‘You might actually argue that we have had a 100-year process of power being devolved to Scotland,’ observed Salmond in an historical frame of mind, ‘and perhaps in the next 100 days we can complete that journey.’ As he’ll be fully aware, much of that devolution was administrative rather than legislative, and much of it was delivered by Unionist and Conservative administrations, again undermining his own argument.

Nevertheless there’s a feint whiff of fudge emanating from today’s Calton Hill Declaration. ‘Despite the differences that divide us on the kind of society we want to see,’ read a Scotland on Sunday piece signed by all three Unionist party leaders yesterday, ‘on this we are clear: Scotland is better off as part of the United Kingdom, the United Kingdom is better off with Scotland in it.’

It continues on a humble note: ‘We all will admit, for different reasons, that the UK has got some things wrong,’ conceded the trio, ‘but we learn and build together,’ noting that the Union had always been an evolving one, allowing ‘the space and freedom for the nations within it to prosper and thrive’: ‘We live in the same house, but this has never been a country that has demanded we conform to the same house rules.’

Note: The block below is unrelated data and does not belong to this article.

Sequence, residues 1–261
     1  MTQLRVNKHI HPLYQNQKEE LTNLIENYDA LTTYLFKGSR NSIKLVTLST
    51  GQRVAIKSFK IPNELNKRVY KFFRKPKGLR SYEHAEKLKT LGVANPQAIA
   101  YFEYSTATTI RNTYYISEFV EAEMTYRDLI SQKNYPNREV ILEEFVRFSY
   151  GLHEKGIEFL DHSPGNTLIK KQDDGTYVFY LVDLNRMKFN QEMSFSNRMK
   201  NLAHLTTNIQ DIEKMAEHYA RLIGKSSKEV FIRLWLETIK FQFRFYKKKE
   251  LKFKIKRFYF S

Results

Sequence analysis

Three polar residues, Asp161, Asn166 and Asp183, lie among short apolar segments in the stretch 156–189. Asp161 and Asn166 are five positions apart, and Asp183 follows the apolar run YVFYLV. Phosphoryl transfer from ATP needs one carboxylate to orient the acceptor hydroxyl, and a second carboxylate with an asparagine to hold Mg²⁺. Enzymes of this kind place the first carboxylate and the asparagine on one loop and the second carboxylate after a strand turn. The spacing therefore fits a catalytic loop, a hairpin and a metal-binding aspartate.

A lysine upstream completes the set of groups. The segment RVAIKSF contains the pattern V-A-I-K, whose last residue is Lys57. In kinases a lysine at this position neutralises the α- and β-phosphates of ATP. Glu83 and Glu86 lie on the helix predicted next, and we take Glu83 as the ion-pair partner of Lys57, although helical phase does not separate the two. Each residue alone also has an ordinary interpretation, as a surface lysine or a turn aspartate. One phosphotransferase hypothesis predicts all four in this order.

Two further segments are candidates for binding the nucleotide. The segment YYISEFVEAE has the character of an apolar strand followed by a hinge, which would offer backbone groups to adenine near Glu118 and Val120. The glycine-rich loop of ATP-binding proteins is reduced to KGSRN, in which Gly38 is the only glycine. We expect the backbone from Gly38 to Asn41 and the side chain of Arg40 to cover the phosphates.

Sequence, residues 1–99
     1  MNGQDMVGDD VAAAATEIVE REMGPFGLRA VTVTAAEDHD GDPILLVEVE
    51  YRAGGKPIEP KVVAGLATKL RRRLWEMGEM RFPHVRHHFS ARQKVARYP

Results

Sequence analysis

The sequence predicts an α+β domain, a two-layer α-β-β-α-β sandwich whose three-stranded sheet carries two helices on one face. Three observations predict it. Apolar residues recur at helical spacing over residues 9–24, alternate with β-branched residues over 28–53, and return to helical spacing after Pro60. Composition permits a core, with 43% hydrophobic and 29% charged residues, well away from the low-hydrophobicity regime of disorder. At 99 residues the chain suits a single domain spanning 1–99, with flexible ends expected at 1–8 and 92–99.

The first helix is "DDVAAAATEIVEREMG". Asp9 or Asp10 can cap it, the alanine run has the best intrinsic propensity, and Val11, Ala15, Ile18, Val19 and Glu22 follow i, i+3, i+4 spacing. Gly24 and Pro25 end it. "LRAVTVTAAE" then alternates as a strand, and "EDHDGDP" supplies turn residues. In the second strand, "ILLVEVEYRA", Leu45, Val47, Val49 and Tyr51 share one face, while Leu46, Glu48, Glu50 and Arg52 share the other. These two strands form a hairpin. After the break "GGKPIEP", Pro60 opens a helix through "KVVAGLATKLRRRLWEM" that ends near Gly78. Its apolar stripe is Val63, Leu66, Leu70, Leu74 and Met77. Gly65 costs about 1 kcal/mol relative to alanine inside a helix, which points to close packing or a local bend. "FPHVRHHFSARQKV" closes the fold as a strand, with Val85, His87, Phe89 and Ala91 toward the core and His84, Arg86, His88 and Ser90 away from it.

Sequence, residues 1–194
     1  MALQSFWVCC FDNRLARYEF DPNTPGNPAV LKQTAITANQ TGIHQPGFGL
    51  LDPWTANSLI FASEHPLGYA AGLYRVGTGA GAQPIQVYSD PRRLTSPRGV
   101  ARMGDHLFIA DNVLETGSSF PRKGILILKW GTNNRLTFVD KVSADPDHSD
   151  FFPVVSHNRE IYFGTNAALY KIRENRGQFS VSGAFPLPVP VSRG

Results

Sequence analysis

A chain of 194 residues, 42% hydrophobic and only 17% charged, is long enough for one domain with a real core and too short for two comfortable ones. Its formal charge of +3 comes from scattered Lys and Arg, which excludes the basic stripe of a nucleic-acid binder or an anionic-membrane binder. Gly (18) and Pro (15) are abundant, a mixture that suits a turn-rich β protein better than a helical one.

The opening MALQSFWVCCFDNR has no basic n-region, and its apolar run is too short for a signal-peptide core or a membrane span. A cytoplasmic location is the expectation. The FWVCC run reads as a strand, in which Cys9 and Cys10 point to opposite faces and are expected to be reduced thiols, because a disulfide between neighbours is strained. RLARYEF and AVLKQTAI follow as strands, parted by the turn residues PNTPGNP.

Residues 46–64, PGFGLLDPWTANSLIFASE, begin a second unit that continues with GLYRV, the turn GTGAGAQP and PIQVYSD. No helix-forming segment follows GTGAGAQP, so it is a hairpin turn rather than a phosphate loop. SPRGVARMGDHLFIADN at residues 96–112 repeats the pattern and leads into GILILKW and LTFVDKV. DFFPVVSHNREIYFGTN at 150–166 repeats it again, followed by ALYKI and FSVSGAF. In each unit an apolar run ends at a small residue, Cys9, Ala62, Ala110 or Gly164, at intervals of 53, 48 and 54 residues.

After a reassertion of the sovereignty of the Scottish people (as Gordon Brown recently – and correctly – observed, old-fashioned concepts of undiluted Westminster sovereignty are ‘dead and buried’), they naturally turned to what might happen in the event of a ‘no’ vote: ‘For we are now clear: a No vote does not mean no change. A No vote opens the door to more powers for Scotland.’

At this point the fudge becomes noticeable: ‘While the details of our plans differ,’ read the joint statement, ‘they all include a commitment to drive more taxation and more social protection to Holyrood. We all believe that the parliament needs to have more responsibility over the money it raises, not just the money it spends, in order to create a more mature politics in Scotland.’

Now this is true, but it’s also conveniently vague. In truth, Labour’s unexpectedly modest devo proposals (themselves the consequence of an internal fudge), have actually made cross-party agreement harder. The Lib Dems and Tories are on broadly the same quasi-federal page, but Labour is more reticent.

‘We do not hide the fact that we have different visions; in a democracy, that is only healthy,’ added the three Unionist leaders. ‘Then all three of us have said we will legislate as soon as possible afterwards, on the basis of people’s consent. No ifs, no buts – we are all committed to deliver.’ On this point, Nationalist cynicism is a little hypocritical, for while Yes Scotland portrays its differing visions (socialist, green, etc) as a strength, similar differences under the Better Together umbrella are presented as a weakness. Supporters of independence cannot have it both ways.

The proof, of course, will be in the devolutionary pudding, but such is the strength of the ‘more powers’ pledges from the three opposition parties – and the unequivocal nature of related comments from Cameron et al (in contrast to Lord Home’s rather vague remarks in February 1979) – failing to deliver in the event of a ‘no’ vote would be politically risky. For those tiring of hearing about 1979, ‘2014’ would quickly replace it as a date that will live in infamy, the ultimate example of constitutional duplicity – and rightly so.